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Civil War Trust

Hallowed Ground: Spring 2013

Featured Online Articles

This quarterly issue of the Civil War Trust's membership magazine focuses on Chancellorsville for the 150th anniversary, with articles by historians John Hennessey and Zachary Cowsert. To see all online articles from past issues of the membership magazine, visit the Back Issue Index »

Killing Game

The Killing Game

John Hennessey

On May 1, 1863, on often-overlooked lands east of Chancellorsville, the Civil War changed momentum, commencing a bloody tide of events that would climax two months hence at Gettysburg.Read the article »

Audacious and Dangerous

Audacious and Dangerous

Zachary Cowsert

Looking back 150 years later, it is easy to predict the success the Confederates would enjoy at Chancellorsville, easy to envision the triumph that would reward their daring Flank Attack plan. This hindsight often causes us to overlook the magnitude of the gamble Lee and Jackson were taking. Read the article »

Chancellorsville House

Dramatic Events at the Chancellor House

“Chancellorsville” may sound like a town, or at least a small hamlet, but it is actually the name of a single structure. By 1863 "Chancellorsville" had stood beside the Orange Turnpike for a half-century, serving as a roadside inn and tavern, then as an oversized private residence.Read the article »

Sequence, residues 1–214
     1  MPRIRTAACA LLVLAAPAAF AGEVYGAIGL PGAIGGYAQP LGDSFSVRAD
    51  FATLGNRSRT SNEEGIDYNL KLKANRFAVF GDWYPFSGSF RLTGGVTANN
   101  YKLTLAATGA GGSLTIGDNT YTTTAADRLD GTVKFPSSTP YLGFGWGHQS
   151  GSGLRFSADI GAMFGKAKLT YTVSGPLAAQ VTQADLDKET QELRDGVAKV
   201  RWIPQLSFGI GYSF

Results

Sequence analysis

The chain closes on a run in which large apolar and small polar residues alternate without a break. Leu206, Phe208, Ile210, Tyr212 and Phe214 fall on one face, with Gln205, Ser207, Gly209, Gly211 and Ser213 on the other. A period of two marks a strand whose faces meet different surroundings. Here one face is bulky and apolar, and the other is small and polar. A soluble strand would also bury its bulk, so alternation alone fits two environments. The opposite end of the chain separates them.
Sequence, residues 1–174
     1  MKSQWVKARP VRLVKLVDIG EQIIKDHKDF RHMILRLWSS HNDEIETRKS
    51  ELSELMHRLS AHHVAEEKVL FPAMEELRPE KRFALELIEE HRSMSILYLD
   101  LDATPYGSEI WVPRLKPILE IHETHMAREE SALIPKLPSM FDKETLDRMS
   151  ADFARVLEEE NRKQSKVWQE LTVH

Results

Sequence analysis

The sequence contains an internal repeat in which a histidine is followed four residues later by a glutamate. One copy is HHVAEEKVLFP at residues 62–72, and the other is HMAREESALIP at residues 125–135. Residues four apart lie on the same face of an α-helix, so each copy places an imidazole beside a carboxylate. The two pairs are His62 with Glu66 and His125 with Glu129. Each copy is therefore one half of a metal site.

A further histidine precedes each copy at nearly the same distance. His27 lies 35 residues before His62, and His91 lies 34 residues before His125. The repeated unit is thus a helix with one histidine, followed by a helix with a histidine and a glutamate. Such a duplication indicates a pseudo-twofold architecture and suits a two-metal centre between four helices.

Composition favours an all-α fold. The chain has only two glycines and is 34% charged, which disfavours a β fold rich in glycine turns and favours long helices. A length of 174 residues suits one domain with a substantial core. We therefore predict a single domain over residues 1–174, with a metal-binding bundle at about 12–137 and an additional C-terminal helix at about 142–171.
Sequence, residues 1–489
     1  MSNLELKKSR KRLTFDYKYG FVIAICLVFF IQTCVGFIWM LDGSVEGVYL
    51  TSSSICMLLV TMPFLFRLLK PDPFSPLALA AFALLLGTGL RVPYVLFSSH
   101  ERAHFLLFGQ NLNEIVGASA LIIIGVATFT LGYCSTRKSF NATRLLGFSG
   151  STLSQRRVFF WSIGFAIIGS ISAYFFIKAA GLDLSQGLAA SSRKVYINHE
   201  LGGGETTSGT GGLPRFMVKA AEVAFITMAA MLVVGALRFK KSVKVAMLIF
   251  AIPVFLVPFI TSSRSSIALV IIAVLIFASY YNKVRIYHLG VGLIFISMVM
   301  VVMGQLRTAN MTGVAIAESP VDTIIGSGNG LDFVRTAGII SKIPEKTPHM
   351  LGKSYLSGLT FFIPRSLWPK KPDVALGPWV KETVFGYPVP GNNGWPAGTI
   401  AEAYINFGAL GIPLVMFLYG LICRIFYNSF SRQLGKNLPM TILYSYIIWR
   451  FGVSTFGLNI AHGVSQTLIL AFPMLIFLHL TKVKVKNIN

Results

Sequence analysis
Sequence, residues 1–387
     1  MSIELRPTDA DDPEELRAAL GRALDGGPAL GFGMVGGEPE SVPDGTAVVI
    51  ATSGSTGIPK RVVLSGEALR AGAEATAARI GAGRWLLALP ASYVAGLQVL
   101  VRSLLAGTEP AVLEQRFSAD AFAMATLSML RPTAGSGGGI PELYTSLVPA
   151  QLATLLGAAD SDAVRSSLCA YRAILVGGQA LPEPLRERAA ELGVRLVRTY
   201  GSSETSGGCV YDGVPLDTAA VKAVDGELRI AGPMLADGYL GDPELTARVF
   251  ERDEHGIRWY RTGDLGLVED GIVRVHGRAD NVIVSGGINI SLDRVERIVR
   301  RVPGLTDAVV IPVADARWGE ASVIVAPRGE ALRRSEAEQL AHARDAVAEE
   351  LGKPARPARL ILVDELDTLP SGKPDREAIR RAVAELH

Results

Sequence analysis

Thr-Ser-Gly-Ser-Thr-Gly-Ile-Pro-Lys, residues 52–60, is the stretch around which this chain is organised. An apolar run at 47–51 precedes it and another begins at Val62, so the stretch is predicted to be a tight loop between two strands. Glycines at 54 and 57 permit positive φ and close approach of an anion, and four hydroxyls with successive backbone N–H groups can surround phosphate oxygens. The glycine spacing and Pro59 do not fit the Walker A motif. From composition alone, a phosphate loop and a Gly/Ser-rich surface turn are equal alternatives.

Wild Wilderness

Just How Wild Was the Wilderness?

Few Civil War sites evoke such indelible mental images as the Wilderness. Despite covering only about 70 square miles and offering remarkably poor visibility and maneuverability, it was the setting for two of the Civil War’s largest and most iconic battles — Chancellorsville in 1863 and the Wilderness in 1864.Read the article »

may 3

The Decisive Day

Despite the stunning blow delivered by Jackson’s Flank Attack, the Union army remained the far larger force and it occupied many of the most strategic spots on the battlefield. Read the article »

Too Many Endings

Too Many Endings

Gen. Thomas J. Jackson’s story did not end at Chancellorsville, and the string of monuments and markers dedicated to his wounding, amputation and death can make it difficult to sift through the chain of events caused by Jackson’s injury and the multiple locations where Jackson came to rest.Read the article »

Wilderness what might have been

What Might Have Been:

Page From the Past

Today, the Civil War Trust’s 214-acre First Day at Chancellorsville property — complete with walking trails and interpretive signage explaining the significance of fighting there on May 1, 1863 — is one of the organization’s greatest successes, a triumph of public-private partnerships and the search for win-win solutions. But, just over a decade ago, the situation for this incredible piece of hallowed ground looked remarkably different and grim.Read the article »

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